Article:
And who is Thomas Malthus?

Martin Bailey cmbb at
Fri Apr 26 12:03:53 EDT 2002

At the time of Thomas Malthus' writings, it was fashionable to consider how
best to deal with the working classes: Give them more now that industrial
and agricultural production was leaping ahead or keep them at a subsistence
level.  Mathus was in the camp that declared that raising "the standard of
living" ( a 20th century term) would result in the coarser classes having
more children.  This increase in progeny would ultimately bring these folks
back to subsistence levels of life.  Adam Smith, on the other hand, felt
that giving the lower classes more would encourage them to be even more
productive thereby further increasing the wealth of nations.

Adam Smith saw himself as a moral philosopher as I think Thomas Malthus did
too.  Today, we classify Adam Smith as an economist and Mathus - for some
reason or other by some - as either a biologist or an ecologist.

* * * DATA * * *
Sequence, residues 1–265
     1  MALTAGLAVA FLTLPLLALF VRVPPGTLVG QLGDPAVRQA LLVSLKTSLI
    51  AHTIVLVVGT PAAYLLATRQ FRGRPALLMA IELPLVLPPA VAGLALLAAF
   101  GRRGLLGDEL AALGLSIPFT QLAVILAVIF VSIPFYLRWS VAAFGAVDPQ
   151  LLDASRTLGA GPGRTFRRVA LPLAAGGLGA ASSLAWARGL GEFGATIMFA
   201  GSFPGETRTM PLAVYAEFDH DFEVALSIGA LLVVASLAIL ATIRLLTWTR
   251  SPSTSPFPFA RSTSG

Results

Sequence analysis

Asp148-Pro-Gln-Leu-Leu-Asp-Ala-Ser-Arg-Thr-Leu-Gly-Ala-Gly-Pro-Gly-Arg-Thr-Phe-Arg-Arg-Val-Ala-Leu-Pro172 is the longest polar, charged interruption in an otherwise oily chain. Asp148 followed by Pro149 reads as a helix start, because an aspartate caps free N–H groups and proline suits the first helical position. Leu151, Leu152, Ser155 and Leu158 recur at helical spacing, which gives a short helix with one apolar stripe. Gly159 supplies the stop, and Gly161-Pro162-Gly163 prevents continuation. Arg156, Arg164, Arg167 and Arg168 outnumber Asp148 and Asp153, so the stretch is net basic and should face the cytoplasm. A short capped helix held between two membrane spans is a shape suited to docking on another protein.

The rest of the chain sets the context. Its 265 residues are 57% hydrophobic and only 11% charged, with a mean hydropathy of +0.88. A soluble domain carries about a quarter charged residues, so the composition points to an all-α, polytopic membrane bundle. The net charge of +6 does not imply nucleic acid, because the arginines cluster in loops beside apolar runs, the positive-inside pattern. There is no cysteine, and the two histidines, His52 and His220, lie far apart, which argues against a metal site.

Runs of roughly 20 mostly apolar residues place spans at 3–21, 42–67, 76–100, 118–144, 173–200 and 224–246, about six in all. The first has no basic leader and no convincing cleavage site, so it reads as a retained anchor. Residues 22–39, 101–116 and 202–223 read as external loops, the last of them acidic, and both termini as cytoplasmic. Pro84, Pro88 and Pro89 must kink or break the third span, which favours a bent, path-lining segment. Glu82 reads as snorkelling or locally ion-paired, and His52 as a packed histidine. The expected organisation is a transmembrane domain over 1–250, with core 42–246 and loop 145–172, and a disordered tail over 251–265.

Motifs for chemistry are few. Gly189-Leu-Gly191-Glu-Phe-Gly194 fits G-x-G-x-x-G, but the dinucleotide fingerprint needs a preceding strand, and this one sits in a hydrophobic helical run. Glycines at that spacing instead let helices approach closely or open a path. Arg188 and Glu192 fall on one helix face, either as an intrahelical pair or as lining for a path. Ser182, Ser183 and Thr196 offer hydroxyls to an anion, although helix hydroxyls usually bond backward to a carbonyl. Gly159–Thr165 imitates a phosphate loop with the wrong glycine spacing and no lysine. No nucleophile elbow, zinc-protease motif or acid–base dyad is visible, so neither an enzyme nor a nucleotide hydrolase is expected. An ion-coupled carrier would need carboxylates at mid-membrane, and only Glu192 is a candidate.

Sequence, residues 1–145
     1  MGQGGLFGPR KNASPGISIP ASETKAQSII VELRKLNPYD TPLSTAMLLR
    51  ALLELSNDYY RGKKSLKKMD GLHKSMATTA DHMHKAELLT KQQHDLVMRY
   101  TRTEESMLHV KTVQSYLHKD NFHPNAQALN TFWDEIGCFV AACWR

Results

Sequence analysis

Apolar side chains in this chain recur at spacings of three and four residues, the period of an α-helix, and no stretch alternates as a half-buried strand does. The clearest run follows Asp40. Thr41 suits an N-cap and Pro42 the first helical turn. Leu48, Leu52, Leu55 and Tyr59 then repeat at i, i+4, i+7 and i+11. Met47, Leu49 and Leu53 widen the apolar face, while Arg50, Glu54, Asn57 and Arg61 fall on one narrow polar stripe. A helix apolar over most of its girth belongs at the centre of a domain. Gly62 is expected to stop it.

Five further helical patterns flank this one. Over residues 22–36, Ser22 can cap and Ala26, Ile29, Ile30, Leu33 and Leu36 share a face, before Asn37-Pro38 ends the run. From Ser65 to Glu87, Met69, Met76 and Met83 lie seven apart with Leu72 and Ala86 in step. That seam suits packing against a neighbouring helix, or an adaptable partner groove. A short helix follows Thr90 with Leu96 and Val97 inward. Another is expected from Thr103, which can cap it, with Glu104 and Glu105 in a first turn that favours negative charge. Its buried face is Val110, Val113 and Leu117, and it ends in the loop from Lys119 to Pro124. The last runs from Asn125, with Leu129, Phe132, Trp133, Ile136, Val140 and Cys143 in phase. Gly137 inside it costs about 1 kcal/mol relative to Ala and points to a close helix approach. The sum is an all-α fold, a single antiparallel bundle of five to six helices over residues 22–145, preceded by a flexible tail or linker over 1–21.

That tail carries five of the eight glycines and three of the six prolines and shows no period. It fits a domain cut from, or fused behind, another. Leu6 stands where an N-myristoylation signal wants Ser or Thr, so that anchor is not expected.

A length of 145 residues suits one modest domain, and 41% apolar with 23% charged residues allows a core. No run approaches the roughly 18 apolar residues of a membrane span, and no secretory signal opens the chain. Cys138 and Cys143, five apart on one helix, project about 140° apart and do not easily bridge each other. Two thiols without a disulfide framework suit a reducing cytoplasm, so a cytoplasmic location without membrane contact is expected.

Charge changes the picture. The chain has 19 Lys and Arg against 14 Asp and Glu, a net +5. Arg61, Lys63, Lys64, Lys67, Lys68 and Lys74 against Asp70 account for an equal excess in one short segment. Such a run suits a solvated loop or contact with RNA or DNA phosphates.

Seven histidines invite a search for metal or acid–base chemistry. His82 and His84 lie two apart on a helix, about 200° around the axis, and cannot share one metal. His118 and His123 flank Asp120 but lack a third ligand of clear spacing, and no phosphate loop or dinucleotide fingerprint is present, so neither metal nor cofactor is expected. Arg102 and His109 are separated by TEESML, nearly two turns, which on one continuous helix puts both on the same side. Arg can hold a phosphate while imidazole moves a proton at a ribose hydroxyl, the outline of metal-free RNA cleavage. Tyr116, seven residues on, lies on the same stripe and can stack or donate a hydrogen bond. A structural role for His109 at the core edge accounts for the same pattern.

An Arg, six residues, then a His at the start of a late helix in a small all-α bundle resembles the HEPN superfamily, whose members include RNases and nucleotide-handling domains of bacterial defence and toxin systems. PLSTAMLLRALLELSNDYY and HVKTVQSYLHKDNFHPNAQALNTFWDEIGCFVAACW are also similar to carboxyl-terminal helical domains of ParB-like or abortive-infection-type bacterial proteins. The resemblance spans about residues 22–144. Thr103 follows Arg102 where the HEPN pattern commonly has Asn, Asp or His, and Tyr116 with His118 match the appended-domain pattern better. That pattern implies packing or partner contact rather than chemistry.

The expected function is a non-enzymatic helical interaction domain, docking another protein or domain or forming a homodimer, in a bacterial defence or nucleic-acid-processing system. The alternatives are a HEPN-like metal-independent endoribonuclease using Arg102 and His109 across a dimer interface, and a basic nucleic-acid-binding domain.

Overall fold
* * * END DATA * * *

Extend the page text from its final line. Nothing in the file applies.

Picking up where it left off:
I was brought to my attention - offline - that predation is a major factor
in keeping bugs and beasts from breeding themselves out of house and home.
I do not disagree.  But the next question then becomes: What stops the
predators from eating up all of their prey?

The most obvious answer is that bunny rabbits bred up faster than cruel fox
can catch them.

Alas, the paleontologist tells us that all is a fairy tale.  The geological
record is filled with extinctions going back for eons.  For one reason or
another all sorts of things that were capable of cell division have died
off.  Which is where Darwin comes into my ramblings.

But first things first.  It was Herbert Spencer who coined the expression
"the survival of the fittest."  Social Darwinism.  Spencer stated that there
would always be the rich - the fittest.  And the poor.  Darwin, on the other
hand, (excuse the simplifications) pointed out that any particular organism'
s ability to survive depended on fortuitous variations in its offspring.
Changes that allowed the organism to deal with changes in its environment as
they arose.

So the study of the emergence of sub-species in butterflies makes perfect
sense.  The challenge is to tie these studies to environmental change if you
want the rest of the world to listen to you.

And if you think that biology is not ideology, think again.  If Malthus or
Spencer were alive today and citizens, not of Britain, but U.S.A., they
would be registered Republicans.

Martin Bailey


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